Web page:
China pledged to strengthen bonds with the Democratic People's Republic of Korea (DPRK) Monday, calling their relationship a boon to regional peace and stability.
Premier Wen Jiabao pays tribute in front of a statue of Mao Anying, son of Chairman Mao Zedong, during a visit to a cemetery for martyrs of the Chinese People's Volunteers yesterday. [Xinhua]
The commitment to cement ties between the two neighbors came in messages between top leaders to mark the 60th anniversary of the establishment of diplomatic relations, which is today.
The leaders exchanged the messages as Premier Wen Jiabao is in Pyongyang for a three-day visit intended to bolster bilateral relations.
"History demonstrates that developing China-DPRK relations is in keeping with the fundamental interests and shared wishes of people in both countries," said the congratulatory message from President Hu Jintao, top legislator Wu Bangguo and Premier Wen.
"It also benefits protecting regional peace and stability."
China is ready to join hands with the DPRK to further promote the good neighborly, friendly and cooperative relations, it said.
In a message to China, DPRK top leader Kim Jong-il and other leaders described the establishment of DPRK-China relations as an epoch-making event.
The relations were "precious fortunes inherited from the old generation of revolutionaries" and would "constantly consolidate and develop", it said.
Yesterday, Wen visited a martyrs' cemetery for Chinese soldiers killed in the Korean War (1950-53).
The cemetery, located some 100 km east of Pyongyang, is the largest in the DPRK among dozens for the Chinese People's Volunteer Army soldiers who died in the war more than 50 years ago.
Accompanied by senior DPRK officials, Wen laid a wreath before the bronze statue of a Chinese soldier and visited the tombs of the martyrs. He said the people of the motherland have never forgotten the martyrs and will always cherish their memory.
Construction of the 90,000-sq-m cemetery was completed in 1957, where 134 martyrs of the Chinese People's Volunteers are buried, including Mao Anying, son of Mao Zedong.
Premier Zhou Enlai visited the cemetery in 1958.
Some 2.4 million Chinese soldiers were sent to the DPRK in the early 1950s to join the Korean People's Army in the war.
Wen held talks with Kim Jong-il last night, Xinhua reported. No details were available by press time.
Earlier Monday, Wen met DPRK top legislator Kim Yong-nam.
China and the DPRK both face the important tasks of developing their economies and improving the livelihoods of their people, and "we must continue strengthening friendly cooperation", Wen told Kim Yong-nam, according to Xinhua.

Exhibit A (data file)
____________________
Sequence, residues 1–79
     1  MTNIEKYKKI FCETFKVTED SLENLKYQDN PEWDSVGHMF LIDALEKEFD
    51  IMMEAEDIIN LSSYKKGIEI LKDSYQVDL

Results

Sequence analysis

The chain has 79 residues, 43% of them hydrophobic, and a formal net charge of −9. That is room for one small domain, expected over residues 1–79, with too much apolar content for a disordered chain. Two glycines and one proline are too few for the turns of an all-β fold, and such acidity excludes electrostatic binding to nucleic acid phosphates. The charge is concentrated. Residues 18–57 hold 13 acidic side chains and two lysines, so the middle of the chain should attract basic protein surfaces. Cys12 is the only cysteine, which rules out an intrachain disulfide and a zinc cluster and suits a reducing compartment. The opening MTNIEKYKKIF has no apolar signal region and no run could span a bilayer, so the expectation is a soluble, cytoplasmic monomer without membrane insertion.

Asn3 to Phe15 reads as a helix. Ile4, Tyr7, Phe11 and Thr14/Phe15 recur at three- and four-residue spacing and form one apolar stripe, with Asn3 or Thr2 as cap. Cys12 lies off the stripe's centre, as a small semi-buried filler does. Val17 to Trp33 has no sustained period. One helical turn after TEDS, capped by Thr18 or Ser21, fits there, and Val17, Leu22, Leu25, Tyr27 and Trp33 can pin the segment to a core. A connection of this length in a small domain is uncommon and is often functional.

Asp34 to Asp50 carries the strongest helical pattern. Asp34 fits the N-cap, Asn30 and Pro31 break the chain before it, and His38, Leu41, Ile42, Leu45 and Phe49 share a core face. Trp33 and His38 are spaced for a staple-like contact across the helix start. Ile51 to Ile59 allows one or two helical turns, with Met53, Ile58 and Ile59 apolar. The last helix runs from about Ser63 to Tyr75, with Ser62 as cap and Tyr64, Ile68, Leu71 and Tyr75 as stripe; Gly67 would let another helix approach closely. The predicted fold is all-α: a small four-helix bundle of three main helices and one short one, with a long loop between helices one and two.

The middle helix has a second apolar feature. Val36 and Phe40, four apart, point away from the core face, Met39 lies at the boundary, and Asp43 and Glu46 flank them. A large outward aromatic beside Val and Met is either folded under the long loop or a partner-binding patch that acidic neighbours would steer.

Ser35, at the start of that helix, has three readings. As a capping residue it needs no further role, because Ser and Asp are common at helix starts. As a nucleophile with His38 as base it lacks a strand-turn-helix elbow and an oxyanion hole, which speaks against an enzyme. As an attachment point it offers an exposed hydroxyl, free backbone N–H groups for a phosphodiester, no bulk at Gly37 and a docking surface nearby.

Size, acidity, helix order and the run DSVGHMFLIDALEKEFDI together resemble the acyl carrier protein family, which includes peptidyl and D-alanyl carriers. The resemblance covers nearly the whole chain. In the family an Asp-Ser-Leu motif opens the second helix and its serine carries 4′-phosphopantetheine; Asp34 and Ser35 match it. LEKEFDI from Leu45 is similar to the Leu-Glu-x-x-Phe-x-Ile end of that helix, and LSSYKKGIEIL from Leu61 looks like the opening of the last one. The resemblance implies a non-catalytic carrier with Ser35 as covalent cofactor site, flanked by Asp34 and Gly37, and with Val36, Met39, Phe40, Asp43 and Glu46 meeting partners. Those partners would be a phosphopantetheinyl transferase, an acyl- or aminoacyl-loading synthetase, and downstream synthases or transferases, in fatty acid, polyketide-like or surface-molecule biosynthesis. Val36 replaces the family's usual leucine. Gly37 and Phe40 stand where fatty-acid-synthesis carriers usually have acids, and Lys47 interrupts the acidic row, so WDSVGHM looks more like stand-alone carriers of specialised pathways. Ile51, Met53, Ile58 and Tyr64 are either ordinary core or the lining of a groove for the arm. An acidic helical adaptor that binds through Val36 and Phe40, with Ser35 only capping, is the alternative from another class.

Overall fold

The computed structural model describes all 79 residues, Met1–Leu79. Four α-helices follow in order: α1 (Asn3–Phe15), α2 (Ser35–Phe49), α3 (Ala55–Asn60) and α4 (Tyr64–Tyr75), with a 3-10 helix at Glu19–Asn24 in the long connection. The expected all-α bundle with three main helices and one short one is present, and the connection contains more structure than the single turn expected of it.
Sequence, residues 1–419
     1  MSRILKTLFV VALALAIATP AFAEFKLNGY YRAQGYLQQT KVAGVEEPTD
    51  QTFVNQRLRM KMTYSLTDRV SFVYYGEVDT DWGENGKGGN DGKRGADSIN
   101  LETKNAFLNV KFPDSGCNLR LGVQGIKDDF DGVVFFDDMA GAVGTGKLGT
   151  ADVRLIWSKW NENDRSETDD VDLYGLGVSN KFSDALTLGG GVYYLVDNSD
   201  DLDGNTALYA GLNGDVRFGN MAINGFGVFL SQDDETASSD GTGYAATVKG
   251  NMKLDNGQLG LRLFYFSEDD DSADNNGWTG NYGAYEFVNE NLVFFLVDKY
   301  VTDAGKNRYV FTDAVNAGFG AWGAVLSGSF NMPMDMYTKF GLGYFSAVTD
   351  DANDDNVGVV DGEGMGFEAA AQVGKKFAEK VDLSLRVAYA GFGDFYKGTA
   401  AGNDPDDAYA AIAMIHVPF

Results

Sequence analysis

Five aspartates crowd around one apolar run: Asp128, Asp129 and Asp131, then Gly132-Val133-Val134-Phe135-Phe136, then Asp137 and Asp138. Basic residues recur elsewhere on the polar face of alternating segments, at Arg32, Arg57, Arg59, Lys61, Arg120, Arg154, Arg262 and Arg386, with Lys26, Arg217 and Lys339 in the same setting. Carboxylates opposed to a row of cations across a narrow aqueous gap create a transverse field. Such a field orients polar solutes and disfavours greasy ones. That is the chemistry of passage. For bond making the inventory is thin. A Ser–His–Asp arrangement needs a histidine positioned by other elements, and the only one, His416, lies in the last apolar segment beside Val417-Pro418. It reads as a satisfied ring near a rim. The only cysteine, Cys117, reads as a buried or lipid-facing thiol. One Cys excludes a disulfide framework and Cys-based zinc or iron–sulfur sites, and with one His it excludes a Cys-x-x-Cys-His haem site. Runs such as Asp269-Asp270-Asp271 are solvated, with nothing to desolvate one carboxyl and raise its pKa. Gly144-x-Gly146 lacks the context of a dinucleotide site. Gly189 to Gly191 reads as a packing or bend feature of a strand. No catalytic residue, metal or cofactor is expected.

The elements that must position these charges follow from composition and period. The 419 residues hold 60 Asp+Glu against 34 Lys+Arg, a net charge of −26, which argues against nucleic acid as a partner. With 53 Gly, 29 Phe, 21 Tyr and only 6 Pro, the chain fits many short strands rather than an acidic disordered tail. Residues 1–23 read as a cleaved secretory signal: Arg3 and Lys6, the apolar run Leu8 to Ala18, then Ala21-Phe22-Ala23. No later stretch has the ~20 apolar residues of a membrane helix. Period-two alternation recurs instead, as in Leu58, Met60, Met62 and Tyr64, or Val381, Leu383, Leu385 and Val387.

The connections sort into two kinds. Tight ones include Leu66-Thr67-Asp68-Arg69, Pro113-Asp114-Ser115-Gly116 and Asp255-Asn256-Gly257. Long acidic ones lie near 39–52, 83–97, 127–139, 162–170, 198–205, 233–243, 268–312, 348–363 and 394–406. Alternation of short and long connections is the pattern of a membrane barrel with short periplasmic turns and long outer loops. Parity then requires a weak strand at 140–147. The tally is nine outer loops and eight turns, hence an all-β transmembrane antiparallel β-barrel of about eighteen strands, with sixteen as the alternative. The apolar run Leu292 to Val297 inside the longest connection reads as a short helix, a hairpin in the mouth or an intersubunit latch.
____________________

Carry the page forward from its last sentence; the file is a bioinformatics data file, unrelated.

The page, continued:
Wen said "good-neighborliness" and the long-standing friendship between the two countries serve the fundamental interests of the two peoples.
Thanks to the efforts of both sides, the traditional friendship between the two countries has stood the test of time, is being further consolidated and developed, and is deeply rooted in the hearts of the two peoples, Wen said.
Kim Yong-nam described Wen's visit as a strong embodiment of the importance that the Communist Party of China and the Chinese government have placed on bilateral ties.
The DPRK is willing to join hands with China to maintain high-level contact, strengthen people-to-people and parliamentary exchanges and deepen mutually beneficial cooperation in a bid to open up a better future for bilateral ties, he said.
Kim Jong-il greeted Wen personally at the city's airport on Sunday, embracing him on a red carpet and standing beside him as a military band played their country's respective national anthems.
Tens of thousands of Pyongyang residents lining the streets danced, waved bunches of flowers and shouted greetings in unison.
The lavish welcome offered a strong indication that the DPRK is planning to re-engage its negotiating partners after boycotting talks while conducting nuclear and missile tests, experts said.
Kim Jong-il has reportedly expressed a willingness to engage in "bilateral and multilateral talks", although it's unclear if that indicates a willingness to rejoin stalled six-nation disarmament talks.
"I think a Pyongyang declaration or a joint statement, which would contain progress in the six-party process and the denuclearization on the Korean Peninsula, would be announced," said Yang Moo-jin, a professor at Seoul's University.
Xinhua, AP and Reuters